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Transfer Of Mental Ownership

I don’t know how to write code in the Erlang programming language, but ever since reading Bjarne Stroustrup‘s “The Design And Evolution Of C++“, I’ve been interested in the topic of programming language creation, development, and adoption. Sinisterly, I look for how much support, or lack thereof, that management provided to the language creators.

In this entertaining InfoQ video, “A Discussion Of Basic vs. Applied Research In The Software Domain And The Creation Of Erlang“, kindly and soft-spoken Bjarne Dacker recounts the development of Erlang. Here are some of my distorted notes:

Many problems that need to be solved by software are not computationally intensive, they’re symbolic.

The sequential and synchronous Von Neumann programming model does not map cleanly into the realm of real-time control systems.

The Erlang team asked: “Why are software academics obsessed with all these subtle, disparate, awkward, and complicated communication schemes like buffers, semaphores, mailboxes, rendezvous, regions, pipes? Why not just simply send messages between asynchronously running processes?”

Erlang designers took the goodies from Modula, Ada, and Chill and discarded the baddies.

By being devious and cunning, Dacker was able to subvert the corpo bureaucratic mandate that “everybody shall use the centralized IBM mainframe” and he miraculously secured approval to purchase a dedicated VAX (close to state of the art at the time) computing platform for his team.

Ericsson management wanted Erlang to be proprietary; a secret weapon that would allow them to develop their telecommunication products faster than their competitors. On the other hand, Ericsson management disallowed the usage of Erlang internally because it wasn’t an open standard (LOL!).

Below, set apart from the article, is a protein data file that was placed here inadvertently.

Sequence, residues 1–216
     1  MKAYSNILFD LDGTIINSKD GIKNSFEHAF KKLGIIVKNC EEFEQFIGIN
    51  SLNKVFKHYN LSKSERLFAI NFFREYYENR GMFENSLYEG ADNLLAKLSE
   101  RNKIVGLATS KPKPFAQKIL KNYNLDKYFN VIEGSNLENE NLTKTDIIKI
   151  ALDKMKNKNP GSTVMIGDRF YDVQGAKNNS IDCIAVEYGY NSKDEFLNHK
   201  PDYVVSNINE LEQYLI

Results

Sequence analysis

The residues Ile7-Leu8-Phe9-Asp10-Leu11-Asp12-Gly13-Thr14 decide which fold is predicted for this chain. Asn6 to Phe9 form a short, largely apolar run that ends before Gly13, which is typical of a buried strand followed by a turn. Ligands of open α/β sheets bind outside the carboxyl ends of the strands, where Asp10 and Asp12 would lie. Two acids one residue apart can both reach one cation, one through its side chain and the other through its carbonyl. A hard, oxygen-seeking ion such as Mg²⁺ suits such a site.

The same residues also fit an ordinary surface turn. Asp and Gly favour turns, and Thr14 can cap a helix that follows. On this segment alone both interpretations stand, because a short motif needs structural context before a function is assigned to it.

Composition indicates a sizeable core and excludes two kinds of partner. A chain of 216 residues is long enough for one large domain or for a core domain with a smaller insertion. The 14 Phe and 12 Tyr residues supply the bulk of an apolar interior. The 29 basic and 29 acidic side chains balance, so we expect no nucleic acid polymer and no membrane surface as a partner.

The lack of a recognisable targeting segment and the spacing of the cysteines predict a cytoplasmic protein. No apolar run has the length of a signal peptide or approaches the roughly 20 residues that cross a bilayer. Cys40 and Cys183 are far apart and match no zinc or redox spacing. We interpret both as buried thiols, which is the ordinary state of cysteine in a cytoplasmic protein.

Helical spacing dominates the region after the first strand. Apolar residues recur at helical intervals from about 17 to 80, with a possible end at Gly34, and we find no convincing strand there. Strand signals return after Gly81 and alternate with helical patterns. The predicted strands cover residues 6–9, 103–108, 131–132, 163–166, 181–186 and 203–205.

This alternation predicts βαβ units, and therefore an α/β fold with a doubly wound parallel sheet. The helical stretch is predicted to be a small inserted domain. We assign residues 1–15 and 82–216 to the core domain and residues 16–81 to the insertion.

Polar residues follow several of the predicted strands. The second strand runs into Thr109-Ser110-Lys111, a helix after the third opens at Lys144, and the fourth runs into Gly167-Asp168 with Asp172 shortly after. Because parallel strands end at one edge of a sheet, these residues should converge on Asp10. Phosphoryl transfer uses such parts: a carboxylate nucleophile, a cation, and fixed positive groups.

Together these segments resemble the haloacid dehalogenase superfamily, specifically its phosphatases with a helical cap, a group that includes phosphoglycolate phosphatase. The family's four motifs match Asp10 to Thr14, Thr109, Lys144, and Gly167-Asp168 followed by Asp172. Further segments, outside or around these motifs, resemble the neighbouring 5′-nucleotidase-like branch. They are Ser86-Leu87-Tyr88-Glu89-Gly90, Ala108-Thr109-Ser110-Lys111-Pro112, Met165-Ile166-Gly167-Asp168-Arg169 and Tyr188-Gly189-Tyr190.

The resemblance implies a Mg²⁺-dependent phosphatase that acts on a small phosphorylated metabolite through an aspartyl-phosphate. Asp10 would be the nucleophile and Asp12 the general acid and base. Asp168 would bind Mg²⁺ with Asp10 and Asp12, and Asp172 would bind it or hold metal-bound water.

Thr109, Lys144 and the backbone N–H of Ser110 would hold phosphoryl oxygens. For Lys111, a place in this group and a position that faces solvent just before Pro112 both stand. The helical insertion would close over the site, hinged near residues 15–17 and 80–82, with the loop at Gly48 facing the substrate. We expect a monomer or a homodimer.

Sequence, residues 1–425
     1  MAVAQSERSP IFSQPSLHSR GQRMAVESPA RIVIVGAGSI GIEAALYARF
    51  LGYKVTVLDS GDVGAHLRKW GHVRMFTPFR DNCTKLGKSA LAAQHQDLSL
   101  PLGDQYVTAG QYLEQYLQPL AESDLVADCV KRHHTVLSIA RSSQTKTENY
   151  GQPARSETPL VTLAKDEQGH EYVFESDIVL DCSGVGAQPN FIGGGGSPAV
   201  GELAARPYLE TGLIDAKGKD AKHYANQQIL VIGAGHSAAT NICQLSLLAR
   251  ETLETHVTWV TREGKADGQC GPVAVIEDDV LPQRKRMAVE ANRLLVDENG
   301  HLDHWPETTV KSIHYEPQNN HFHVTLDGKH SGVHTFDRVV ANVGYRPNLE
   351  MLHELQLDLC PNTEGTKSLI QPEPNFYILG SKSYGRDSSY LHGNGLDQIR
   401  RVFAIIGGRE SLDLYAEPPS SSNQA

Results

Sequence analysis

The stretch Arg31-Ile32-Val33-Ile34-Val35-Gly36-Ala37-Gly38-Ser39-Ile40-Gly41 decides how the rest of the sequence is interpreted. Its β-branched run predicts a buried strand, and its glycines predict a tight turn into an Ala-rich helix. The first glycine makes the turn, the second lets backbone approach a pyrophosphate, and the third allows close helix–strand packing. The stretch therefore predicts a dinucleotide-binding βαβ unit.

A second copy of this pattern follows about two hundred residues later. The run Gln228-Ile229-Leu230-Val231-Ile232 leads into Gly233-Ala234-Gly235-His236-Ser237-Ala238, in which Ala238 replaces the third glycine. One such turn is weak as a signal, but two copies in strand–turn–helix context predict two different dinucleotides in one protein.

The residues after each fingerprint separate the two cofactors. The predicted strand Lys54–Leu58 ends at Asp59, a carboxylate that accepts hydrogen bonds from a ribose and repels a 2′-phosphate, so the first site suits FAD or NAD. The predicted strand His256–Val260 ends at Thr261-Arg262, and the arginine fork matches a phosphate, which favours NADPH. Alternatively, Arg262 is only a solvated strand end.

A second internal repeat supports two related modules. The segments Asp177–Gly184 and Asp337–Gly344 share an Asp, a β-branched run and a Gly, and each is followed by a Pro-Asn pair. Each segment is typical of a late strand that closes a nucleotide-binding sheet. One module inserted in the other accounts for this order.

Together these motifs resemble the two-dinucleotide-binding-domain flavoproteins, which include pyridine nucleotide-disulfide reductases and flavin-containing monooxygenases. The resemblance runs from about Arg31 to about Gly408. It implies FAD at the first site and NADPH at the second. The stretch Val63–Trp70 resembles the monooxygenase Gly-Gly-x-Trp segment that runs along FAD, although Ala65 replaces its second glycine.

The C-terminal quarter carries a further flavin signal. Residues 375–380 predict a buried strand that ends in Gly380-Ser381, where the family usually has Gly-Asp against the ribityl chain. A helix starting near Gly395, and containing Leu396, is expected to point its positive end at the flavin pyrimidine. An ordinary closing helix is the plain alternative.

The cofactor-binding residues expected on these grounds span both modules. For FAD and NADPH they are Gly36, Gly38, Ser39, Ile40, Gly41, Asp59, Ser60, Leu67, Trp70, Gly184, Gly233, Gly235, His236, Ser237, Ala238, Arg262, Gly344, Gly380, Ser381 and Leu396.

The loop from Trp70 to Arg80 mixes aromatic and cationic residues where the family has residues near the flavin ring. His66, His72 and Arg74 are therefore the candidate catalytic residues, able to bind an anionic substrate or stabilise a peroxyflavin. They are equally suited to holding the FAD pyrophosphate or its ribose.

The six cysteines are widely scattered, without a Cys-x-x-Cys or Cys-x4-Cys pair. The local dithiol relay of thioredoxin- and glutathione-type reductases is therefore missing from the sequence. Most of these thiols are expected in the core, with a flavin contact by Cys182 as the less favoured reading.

You can’t just throw new technology over the wall to product teams. You must create mixed teams; embedding applied researchers within product teams. You must facilitate the transfer of “mental ownership”.

In 2009, “something” happened. The number of Erlang downloads at Erlang.org started to skyrocket.

In keeping with my goal of providing a dorky graphic with each blog post, I present Mr. Dacker’s process for the successful transition of applied research knowledge into the marketplace.

Notice that going “backward” and cycling multiple times through the mistake prone experiment/evaluate activities (which most sequential, linear, forward-only management CGHs abhor and forbid) is an integral part of Dacker’s process. The mixing of researchers with product developers occurs in the production/exploitation stage.

  1. PhilN
    September 29, 2010 at 9:18 am

    That sort of “actor” oriented programming was quite a fad at MIT for a while, i.e. simple programs exchanging messages. Digital Switch Corporation (a big telephony switching company at one time) even created an OS called EKOS (we use to lovingly refer to it as the Elf Keebler Operating System) that was based on this concept of message exchanges spread across hundreds of individual processor boards. The actor concept also made it into Realtime Object Oriented Modeling (i.e. Bran Selic’s ROOM) before it was scarfed up by the OMG in RT UML.

    • September 29, 2010 at 9:35 am

      Thanks for the interesting history Phillippe.

      I love actors, especially good ones like Scarlett Johansson. Now if I only could get her to do my work then that would be true actor oriented programming.

  2. PhilN
    September 29, 2010 at 1:44 pm

    SALSA is an Actor Oriented Programming language!
    http://wcl.cs.rpi.edu/salsa/tutorial/salsa1_1_2/node5.html

    • September 29, 2010 at 1:57 pm

      Salsa? That reminds me of another good candidate for my actor oriented programming team – Salma Hayek.

  3. PhilN
    September 29, 2010 at 3:00 pm

    Brilliant, but can she actually code?

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